Archives of Virology

, Volume 157, Issue 6, pp 1019–1028 | Cite as

Heterologous expression of viral suppressors of RNA silencing complements virulence of the HC-Pro mutant of clover yellow vein virus in pea

  • Go Atsumi
  • Kenji S. Nakahara
  • Tomoko Sugikawa Wada
  • Sun Hee Choi
  • Chikara Masuta
  • Ichiro UyedaEmail author
Original Article


Many plant viruses encode suppressors of RNA silencing, including the helper component-proteinase (HC-Pro) of potyviruses. Our previous studies showed that a D-to-Y mutation at amino acid position 193 in HC-Pro (HC-Pro-D193Y) drastically attenuated the virulence of clover yellow vein virus (ClYVV) in legume plants. Furthermore, RNA-silencing suppression (RSS) activity of HC-Pro-D193Y was significantly reduced in Nicotiana benthamiana. Here, we examine the effect of expression of heterologous suppressors of RNA silencing, i.e., tomato bushy stunt virus p19, cucumber mosaic virus 2b, and their mutants, on the virulence of the ClYVV point mutant with D193Y (Cl-D193Y) in pea. P19 and 2b fully and partially complemented Cl-D193Y multiplication and virulence, including lethal systemic HR in pea, respectively, but the P19 and 2b mutants with defects in their RSS activity did not. Our findings strongly suggest that the D193Y mutation exclusively affects RSS activity of HC-Pro and that RSS activity is necessary for ClYVV multiplication and virulence in pea.


Cucumber Mosaic Virus Tomato Bushy Stunt Virus D193Y Mutation Clover Yellow Vein Virus White Clover Mosaic Virus 
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We are grateful to T. Okuno (Kyoto University) for providing the pBIC-P19. We also thank K. Goto (Hokkaido University) for helpful discussions. This study was supported in part by Grants-in-Aid for Scientific Research (S) and Young Scientists (A) from the Ministry of Science, Education, Culture, and Technology of Japan.

Supplementary material

705_2012_1281_MOESM1_ESM.pdf (3.6 mb)
Supplementary material 1 (PDF 3724 kb). Supplementary Fig. 1 Schematic representation of the ClYVV infectious cDNA used in this study. Full-length cDNA of ClYVV No. 30 isolate was fused to the cauliflower mosaic virus 35S promoter [11, 25, 30]. Cl-D193Y encodes a point mutation, aspartic acid to tyrosine, at aa position 193 in HC-Pro [33]. Either the TBSV p19 or the CMV 2b coding sequence was introduced into the Cl-D193Y genome [16, 23, 26]. p19m has point mutations at the aa positions 75 (arginine to glycine) and 78 (arginine to glycine) [16]; 2bm has an arginine-to-cysteine mutation at aa position 46 [5]. Supplementary Fig. 2 ClYVV accumulation in upper non-inoculated leaves. Virus CP accumulation at 8 dpi was compared using DAS-ELISA. The signal value of healthy plants was zero. Supplementary Fig. 3 Comparison of RNA silencing suppression activity of FLAG-tagged TBSV p19 and CMV 2b (wild type or mutant). (a) GFP, an inverted repeat sequence of GFP (IR-GFP), and suppressor of RNA silencing (p19, p19m, 2b, or 2bm tagged with FLAG) were expressed using an Agrobacterium-mediated transient assay in N. benthamiana leaves. GFP fluorescence was detected at 4 days after infiltration. (b) Total RNA was extracted from the infiltrated area indicated in (a), and mRNA levels of GFP were compared by northern hybridization. (c) Total proteins were extracted from the infiltrated area indicated in (a), and levels of suppressor proteins were compared by western blotting using an antibody against FLAG. (d) Comparison of RNA-silencing suppression activity between wild-type and mutant p19 proteins. The amount of Agrobacterium carrying p19 was diluted to 1/4 or 1/8 of the amount of Agrobacterium carrying p19m. GFP fluorescence was detected at 4 days after infiltration. (e) Total RNA was extracted from the infiltrated area indicated in (d), and mRNA levels of GFP were compared by northern hybridization. (f) Total proteins were extracted from the infiltrated area indicated in (d), and levels of suppressor proteins were compared by western blotting using an antibody against FLAG. Supplementary Fig. 4 Protein stability of P19 and 2b mutants. (a) Mutant p19 protein was expressed with wild-type p19 or GUS (negative control) using an Agrobacterium-mediated transient assay in N. benthamiana leaves. Total proteins were extracted from the infiltrated area, and the level of p19 mutant protein was compared with that of wild-type p19 by western blotting using an antibody against FLAG. (b) Mutant 2b protein was expressed with p19, ClYVV P1/HC-Pro, or GUS (negative control), and the amount of mutant 2b protein was compared with that of wild-type 2b as in (a). (c) p19 wild-type or mutant protein was expressed via Cl-WT, and the level of protein was compared by western blotting using an antibody against FLAG. The level of ClYVV CP protein accumulation was used as a control. ClYVV CP was detected by western blotting using an antibody against ClYVV CP. (d) The levels of 2b wild-type or mutant protein were compared as in (c). Supplementary Fig. 5 Effect of TBSV p19 expression from ClYVV, which has an R-to-I mutation in the HC-Pro FRNK motif, on symptom expression in PI 118501. Symptoms were monitored, and photographs were taken at 11 dpi. Supplementary Fig. 6 Expression of either TBSV p19 or CMV 2b using the white clover mosaic virus vector. Photographs of upper non-inoculated leaves were taken at 14 dpi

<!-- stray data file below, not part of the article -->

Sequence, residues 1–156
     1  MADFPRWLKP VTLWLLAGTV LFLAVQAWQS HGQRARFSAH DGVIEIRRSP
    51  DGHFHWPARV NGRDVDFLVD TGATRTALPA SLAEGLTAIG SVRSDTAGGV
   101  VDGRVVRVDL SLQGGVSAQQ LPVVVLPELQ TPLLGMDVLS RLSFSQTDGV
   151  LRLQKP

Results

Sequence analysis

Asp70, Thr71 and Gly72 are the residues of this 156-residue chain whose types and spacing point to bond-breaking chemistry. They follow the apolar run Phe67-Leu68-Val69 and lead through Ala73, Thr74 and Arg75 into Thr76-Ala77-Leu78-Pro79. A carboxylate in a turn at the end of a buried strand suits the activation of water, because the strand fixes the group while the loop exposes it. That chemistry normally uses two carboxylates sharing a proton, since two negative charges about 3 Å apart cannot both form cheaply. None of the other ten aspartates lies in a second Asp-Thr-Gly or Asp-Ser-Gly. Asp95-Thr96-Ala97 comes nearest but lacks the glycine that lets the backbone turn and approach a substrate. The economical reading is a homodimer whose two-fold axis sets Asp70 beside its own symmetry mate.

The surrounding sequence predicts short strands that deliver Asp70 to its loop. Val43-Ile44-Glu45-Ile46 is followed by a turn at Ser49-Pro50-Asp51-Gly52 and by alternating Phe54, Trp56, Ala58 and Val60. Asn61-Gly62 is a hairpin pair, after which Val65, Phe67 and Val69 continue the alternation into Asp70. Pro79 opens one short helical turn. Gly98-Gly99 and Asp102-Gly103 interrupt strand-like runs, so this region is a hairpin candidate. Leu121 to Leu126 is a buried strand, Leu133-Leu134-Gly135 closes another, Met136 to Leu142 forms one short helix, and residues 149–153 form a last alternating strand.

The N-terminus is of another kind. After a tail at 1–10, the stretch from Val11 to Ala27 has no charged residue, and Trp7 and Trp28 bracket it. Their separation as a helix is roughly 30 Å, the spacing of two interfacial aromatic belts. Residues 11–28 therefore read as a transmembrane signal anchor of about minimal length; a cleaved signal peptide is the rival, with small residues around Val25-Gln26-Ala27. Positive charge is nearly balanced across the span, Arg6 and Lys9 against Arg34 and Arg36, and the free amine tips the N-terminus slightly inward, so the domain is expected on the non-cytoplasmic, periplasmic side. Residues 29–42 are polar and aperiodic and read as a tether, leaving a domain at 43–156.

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Copyright information

© Springer-Verlag 2012

Authors and Affiliations

  • Go Atsumi
    • 1
  • Kenji S. Nakahara
    • 1
  • Tomoko Sugikawa Wada
    • 1
  • Sun Hee Choi
    • 1
  • Chikara Masuta
    • 2
  • Ichiro Uyeda
    • 1
    Email author
  1. 1.Pathogen-Plant Interactions Group, Graduate School of AgricultureHokkaido UniversitySapporoJapan
  2. 2.Laboratory of Cell Biology and Manipulation, Graduate School of AgricultureHokkaido UniversitySapporoJapan

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